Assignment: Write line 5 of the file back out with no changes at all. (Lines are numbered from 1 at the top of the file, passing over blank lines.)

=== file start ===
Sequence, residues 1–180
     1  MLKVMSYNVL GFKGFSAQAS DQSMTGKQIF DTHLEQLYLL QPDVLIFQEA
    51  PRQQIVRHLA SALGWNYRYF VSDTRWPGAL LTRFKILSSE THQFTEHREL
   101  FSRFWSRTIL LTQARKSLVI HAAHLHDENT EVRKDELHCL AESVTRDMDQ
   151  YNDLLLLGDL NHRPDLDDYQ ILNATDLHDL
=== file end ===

   151  YNDLLLLGDL NHRPDLDDYQ ILNATDLHDL